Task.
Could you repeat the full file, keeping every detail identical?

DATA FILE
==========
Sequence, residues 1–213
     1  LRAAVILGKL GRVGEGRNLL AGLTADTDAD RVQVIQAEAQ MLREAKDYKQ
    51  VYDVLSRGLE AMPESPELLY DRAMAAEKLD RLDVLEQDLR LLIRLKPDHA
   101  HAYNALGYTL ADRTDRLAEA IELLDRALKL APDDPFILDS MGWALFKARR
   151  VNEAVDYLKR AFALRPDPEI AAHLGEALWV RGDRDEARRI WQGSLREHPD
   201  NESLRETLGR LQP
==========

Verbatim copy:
Sequence, residues 1–213
     1  LRAAVILGKL GRVGEGRNLL AGLTADTDAD RVQVIQAEAQ MLREAKDYKQ
    51  VYDVLSRGLE AMPESPELLY DRAMAAEKLD RLDVLEQDLR LLIRLKPDHA
   101  HAYNALGYTL ADRTDRLAEA IELLDRALKL APDDPFILDS MGWALFKARR
   151  VNEAVDYLKR AFALRPDPEI AAHLGEALWV RGDRDEARRI WQGSLREHPD
   201  NESLRETLGR LQP